Monster Hunter Rise is definitely a fascinating game, mainly because of how open it is. Now we play it on PS5 and we bring you our review.
In Monster Hunter Rise almost everyone’s experience is and feels different. Whether that involves frustration or euphoria at any given time is going to be completely up to you.
Citing our original review we can say:
“Monster Hunter Rise It also brings us open worlds, in which we will not have a loading area if we cross from one section to another, maintaining that novelty that had already been implemented in Monster Hunter World. The Maps are very well polished and we never see blurry areas (including when we change areas). One of the novelties in the worlds is that you can climb and go where you want, there is no movement or space limit, this means that if we want to blow up a wall to get to another area, we can do it without problem since our character They have allowed or enabled the option to climb on any wall and get hooked where you like.”
Monster Hunter Rise has way too much personality and this one adds several key mechanics to the already too good mix of the game, bringing much more joy than pain as long as you’re willing to work with it.
As is the case with most entries, Rise once again tasks players with literally hunting down various big, bad beasts, with a variety of weapons and playstyles. Once you’ve beaten them, you can tear them apart, equip them, upgrade them, and repeat the process; alone or with friends. You do this until you kill a really big monster in the main story.
The flow we can say is still the same as we have known for so long. But Rise has the advantage of working with a very clear theme (feudal Japan) as performance. Rather than become desensitized to the environments and hub of the game, I embraced them and began to take note of all their colorful nuances. And I can say that it has one of the most beautiful and majestic soundtracks I’ve ever heard in a game.
It may still be a slow start. Some of the early monsters are a bit bland, as are the ins and outs of the early pieces of gear and weapons. But the ramp will, and the creatures, and their charming haiku intros, become even more aesthetically interesting to watch. Even some of the older concepts have a bit more flair in Rise, as you see them in a new light. On PS5 I can say that this is extremely well enjoyed.
If you felt Monster Hunter was clunky in the past, the connection error could change that notion. Think of it as a tasty grappling hook, which can not only zoom you around the map for scouting purposes, but also displace you in combat as an action-focused dodge. Hunters have access to a recovery ability, which prevents you from being stunned or comboed by enemies, as well as special bug moves.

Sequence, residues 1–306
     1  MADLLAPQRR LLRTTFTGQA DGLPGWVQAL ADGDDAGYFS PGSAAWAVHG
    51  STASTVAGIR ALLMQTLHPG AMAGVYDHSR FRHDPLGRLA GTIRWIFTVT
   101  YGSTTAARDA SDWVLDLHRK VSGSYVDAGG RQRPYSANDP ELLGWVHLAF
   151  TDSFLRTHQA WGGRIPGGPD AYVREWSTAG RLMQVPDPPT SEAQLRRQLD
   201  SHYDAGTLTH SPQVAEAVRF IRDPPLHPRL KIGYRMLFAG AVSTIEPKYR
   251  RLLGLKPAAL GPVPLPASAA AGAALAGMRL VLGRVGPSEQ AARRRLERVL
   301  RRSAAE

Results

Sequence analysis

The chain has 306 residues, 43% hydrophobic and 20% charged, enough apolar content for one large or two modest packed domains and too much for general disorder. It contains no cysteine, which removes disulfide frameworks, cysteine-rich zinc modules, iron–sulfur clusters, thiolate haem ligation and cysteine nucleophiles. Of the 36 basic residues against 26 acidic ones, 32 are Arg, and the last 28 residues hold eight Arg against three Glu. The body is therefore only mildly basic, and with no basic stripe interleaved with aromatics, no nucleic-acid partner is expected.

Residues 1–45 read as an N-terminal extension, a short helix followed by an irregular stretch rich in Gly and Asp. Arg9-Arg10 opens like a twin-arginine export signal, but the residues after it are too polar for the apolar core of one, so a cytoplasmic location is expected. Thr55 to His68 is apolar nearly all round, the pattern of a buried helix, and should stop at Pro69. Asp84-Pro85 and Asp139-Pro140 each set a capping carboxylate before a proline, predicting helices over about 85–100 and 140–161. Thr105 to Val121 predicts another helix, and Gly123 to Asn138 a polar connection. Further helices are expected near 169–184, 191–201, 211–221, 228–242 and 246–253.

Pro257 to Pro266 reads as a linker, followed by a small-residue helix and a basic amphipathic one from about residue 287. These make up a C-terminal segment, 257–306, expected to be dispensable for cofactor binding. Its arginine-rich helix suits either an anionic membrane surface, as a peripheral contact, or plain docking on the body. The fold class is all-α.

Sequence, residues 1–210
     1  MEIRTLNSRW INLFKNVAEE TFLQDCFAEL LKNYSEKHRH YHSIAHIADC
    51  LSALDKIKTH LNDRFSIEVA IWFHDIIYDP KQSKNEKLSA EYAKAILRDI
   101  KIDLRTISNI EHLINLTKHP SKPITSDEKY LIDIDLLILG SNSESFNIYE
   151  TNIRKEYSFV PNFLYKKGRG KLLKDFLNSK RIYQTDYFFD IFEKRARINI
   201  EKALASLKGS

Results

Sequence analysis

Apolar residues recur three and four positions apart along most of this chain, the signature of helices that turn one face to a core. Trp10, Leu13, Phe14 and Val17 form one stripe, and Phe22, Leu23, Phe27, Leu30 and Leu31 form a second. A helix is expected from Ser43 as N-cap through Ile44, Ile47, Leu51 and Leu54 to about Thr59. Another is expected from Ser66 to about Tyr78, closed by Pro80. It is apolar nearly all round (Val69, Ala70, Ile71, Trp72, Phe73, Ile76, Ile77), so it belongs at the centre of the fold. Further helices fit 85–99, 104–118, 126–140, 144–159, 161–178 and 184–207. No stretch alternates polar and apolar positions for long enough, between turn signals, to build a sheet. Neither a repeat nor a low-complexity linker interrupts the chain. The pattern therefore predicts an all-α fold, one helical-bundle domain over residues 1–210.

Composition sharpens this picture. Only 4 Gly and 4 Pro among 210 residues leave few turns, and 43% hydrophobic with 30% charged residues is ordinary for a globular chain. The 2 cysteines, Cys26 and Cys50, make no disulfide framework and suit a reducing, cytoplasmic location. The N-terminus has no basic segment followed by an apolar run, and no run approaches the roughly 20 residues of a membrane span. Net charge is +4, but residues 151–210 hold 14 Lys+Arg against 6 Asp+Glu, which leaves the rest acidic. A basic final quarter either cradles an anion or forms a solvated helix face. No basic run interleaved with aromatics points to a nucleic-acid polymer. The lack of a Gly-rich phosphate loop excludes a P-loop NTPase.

It’s up to you to monitor your bug meter and decide which enemy attacks are worth recovering from, how much ground you need to cover, and how useful your individual weapon powers are. It’s a neat little metagame that has a relatively low skill floor in terms of picking up the dodge element of the bug mechanic, while also providing a high ceiling and opening up weapon tech.
Our adventure partner, Palamute, also deserves special recognition. While having a small mutt running around is its own reward, you can ride it to get places quickly and chase down monsters. In a game where you might be chasing a creature four or five times a match, it breaks the monotony. Riding monsters feels equally straightforward and straightforward.
Then there are the rampage missions. These work much like a light tower defense cheat, allowing us as hunters to create weapon rigs at specific locations in an arena, as well as one-use traps or NPC powers. You can choose to pilot a platform yourself or put an NPC in charge. It’s a bit stripped down, but I can say it’s fun to watch a bunch of big monsters on the screen while you blow them up with heavy weaponry.
By playing through the “main story”, you can defeat Magnamalo in one-on-one combat in around 15 hours. But as all Monster Hunter fans know, the game starts when the credits roll. Once said and done, unlock a weapon and you’ll start the endgame with higher ranked monsters to hunt.
The performance on PS5 is just great, the loading times are reduced quite a bit, so I can say that this game is the same as the original, but even better. My one consistent complaint is the lack of a polished, true story, which is always conspicuous by its absence.
Also, you will have access to the “hub progress” branch, which is the core of the game. This is where you will fight your way through the ranks against almost endless enemies; with other people, if you wish. Although my access to multiplayer is limited before launch, Monster Hunter Rise is still a lot of fun in terms of group coordination. With the wirebug, watching everyone run around is a treat.
Monster Hunter Rise is a slowly getting used to game, I started getting more and more used to Rise until I reached a positive tipping point. Once I clicked, it was hard to go back to the old ways. Rise offers us pretty good gameplay, performance level improvements on PS5, an incredibly good soundtrack, and surreal landscapes and settings. My only regret is the little history.
This review was made thanks to a copy for PS5 provided by Capcom.